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New Green Coating Protects Metals

Thursday, September 1, 2016

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Academics and commercial manufacturers teamed up to develop a new coating system that is said to be tough on corrosion and kind to the environment.

Paul Zelisko, an organic chemistry instructor at Brock University in St. Catharines, Ontario, and Burlington, Ontario-based Vanchem Performance Chemicals worked together on a technology called Greencoat, which uses silicon rather than heavy metals to bind coatings to metal surfaces and paint.

What makes the Greencoat system “green,” is that it is a water-based system that, “for all intents and purposes, has reactive sand in it,” Zelisko says.

“If the material happens to get flushed out or it leaks, you’re effectively releasing sand and water into the environment,” he adds.

Paul Zelisko, Brock University
Brock University

Organic chemistry instructor Paul Zelisko worked with Vanchem Performance Chemicals in developing Greencoat, a silicon-based pretreatment to protect metals against corrosion.

The team received a patent for its Greencoat silane-based pretreatment on Aug. 2 in the United States, with Canadian and European patents pending, the university announced.

A Greener Solution

When it comes to protecting steel and other metals from rust and salt damage, traditional coating systems use heavy metals such as zinc phosphate, iron phosphate or chrome to enable the inorganic substance (metal) and organic substance (paint) to stick to one another, the university reports.

However, phosphates released into the environment can cause algal blooms in lakes and rivers, damaging aquatic plant and animal life, it says, adding that solvents used in the process have the potential to pollute the environment as well.

Zelisko and Vanchem’s system varies from conventional methods by way of its a two-step process.

First, a base layer of water mixed with silica is sprayed on to the metal, creating a chemical bond with the metal. This not only cleans the metal but also deposits silica onto the surface, the team says. This coating protects the metal while also acting as a primer for the second layer, which was designed to bond well to paint.

The second layer contains polysilicates, the basis of which is silicon, reported to be the second-most abundant element in the Earth’s crust, Vanchem notes. Silicates can be modified to stick to both metals and paints.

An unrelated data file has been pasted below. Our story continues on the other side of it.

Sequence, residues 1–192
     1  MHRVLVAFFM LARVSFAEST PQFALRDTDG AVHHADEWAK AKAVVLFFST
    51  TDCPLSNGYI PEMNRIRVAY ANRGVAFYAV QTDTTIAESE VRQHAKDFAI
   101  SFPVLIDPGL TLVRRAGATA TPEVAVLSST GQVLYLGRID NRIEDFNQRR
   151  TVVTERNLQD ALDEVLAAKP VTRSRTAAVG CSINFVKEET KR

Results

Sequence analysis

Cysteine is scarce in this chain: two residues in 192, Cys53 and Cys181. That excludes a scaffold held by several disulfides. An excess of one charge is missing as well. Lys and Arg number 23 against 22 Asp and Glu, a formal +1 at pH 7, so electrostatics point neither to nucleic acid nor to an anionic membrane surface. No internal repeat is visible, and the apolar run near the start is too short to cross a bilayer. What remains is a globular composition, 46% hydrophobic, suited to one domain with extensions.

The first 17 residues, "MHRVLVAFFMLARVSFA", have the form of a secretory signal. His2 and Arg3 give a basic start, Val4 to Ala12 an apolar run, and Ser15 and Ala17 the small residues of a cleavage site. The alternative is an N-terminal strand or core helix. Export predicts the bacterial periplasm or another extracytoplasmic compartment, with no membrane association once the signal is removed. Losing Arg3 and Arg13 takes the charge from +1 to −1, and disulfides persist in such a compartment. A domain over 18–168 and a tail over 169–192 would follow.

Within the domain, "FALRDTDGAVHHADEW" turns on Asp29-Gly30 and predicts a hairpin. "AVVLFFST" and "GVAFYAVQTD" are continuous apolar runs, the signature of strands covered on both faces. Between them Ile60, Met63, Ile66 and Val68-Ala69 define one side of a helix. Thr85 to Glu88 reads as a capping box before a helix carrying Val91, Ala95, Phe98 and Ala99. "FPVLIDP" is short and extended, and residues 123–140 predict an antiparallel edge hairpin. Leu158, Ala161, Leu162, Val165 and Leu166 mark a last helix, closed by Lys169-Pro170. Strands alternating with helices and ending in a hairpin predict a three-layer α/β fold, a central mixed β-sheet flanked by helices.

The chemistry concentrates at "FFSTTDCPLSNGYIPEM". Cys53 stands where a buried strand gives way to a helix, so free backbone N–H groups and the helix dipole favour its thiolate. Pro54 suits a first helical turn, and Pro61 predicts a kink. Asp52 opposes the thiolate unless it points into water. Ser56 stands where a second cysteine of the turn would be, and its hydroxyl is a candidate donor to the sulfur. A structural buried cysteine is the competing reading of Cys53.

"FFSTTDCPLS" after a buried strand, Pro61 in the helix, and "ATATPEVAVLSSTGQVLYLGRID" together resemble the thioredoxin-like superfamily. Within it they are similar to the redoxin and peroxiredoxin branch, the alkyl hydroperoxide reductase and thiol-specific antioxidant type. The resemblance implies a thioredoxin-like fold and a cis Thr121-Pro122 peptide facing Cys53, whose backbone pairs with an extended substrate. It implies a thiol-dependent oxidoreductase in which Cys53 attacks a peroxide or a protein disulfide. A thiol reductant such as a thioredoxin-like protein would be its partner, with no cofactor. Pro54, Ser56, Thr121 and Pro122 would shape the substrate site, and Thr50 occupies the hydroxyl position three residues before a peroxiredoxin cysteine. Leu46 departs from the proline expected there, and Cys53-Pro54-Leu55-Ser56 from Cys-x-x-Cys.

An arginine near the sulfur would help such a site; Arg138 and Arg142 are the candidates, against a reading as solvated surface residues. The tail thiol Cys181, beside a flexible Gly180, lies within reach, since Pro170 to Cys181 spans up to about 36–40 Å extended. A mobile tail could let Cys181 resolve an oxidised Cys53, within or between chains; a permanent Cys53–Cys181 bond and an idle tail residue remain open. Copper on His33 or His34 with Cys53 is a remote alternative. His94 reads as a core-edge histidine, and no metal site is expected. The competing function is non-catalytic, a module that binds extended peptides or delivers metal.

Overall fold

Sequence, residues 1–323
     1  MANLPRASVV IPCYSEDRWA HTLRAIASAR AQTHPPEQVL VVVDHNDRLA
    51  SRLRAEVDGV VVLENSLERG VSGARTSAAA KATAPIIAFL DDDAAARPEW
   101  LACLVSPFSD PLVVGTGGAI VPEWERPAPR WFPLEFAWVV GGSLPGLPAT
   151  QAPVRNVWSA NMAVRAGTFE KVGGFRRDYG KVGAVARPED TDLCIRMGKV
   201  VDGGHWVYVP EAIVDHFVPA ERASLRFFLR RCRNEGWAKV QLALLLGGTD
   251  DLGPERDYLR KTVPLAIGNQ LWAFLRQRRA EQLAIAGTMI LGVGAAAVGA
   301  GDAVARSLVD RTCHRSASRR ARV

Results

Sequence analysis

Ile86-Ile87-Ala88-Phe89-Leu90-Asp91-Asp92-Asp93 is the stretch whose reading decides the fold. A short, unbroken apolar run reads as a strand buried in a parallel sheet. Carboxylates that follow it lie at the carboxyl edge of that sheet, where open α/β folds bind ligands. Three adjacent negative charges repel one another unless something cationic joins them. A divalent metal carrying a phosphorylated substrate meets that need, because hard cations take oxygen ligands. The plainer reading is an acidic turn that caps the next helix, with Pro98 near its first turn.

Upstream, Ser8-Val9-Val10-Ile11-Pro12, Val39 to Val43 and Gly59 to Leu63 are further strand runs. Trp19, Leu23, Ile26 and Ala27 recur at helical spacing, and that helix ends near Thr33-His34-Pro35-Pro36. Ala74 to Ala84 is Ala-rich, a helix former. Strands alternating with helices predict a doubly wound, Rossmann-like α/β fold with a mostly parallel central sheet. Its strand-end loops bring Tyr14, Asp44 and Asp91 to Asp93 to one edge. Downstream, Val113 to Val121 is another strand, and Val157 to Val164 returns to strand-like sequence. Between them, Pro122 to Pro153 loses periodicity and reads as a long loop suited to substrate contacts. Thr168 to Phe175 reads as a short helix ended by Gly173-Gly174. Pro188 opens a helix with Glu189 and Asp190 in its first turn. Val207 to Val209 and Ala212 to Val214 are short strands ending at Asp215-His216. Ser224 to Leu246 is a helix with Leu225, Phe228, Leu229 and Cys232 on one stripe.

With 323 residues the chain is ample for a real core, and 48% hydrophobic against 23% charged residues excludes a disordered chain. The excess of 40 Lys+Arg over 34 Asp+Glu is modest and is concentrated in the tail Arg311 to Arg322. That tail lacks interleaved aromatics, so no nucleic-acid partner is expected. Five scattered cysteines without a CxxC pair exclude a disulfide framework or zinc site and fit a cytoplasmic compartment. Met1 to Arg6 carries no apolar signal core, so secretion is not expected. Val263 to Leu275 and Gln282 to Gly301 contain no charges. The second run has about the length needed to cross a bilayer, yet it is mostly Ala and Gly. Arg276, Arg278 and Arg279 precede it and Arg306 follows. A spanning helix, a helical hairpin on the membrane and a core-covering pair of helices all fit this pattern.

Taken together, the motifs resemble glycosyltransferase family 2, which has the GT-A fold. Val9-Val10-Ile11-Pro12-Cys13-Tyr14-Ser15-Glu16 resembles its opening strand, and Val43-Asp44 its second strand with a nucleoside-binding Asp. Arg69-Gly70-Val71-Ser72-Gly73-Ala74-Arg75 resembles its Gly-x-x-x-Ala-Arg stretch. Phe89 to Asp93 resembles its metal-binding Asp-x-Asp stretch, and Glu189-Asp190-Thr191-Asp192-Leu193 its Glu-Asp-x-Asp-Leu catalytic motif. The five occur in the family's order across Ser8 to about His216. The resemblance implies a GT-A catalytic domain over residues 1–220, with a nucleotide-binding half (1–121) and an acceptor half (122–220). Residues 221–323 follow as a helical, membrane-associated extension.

The Brock-Vanchem innovation is a sign of the times, says Vanchem vice president Ian McLeod.

“The industry has switched over to greener technologies; they want to get rid of the heavy metals,” he explains.

“Large corporations and companies want to be environmental stewards. They want to be able to say, ‘look at what we’re doing, we’ve replaced the old zinc phosphate technology with a new silane-based technology that doesn’t have any environmental impacts.’”

Measuring Performance, Expense

When the industry wants to determine whether or not a coating product is effective, the school explains, the treated metal sheets are put into salt-spray chambers.

When it comes into contact with metal, salty water acts as a type of catalyst, enabling oxygen to mix with metal, resulting in corrosion.

In the salt-spray chamber, a fine mist of salt water is continually sprayed onto the metal until it starts to show signs of corrosion. The industry standard is around one thousand hours, says Zelisko.

“Our coatings ranged anywhere from 1,800 to 3,000 hours, in some cases almost three times as good as what the industry requires,” he states.

When it comes to overall cost, McLeod notes that the initial expense of a “green” coating may be more than that of a zinc phosphate. But, when environmental disposal, maintenance and other costs associated with non-green coatings are taken into consideration, companies could save money in the long run, he says.

   

Tagged categories: Asia Pacific; Coating chemistry; Coatings Technology; Coatings Technology; Colleges and Universities; Corrosion control coatings; Corrosion protection; Corrosion resistance; EMEA (Europe, Middle East and Africa); Latin America; Metal coatings; North America; Research and development; Salt exposure; Salt spray cabinets; Silane

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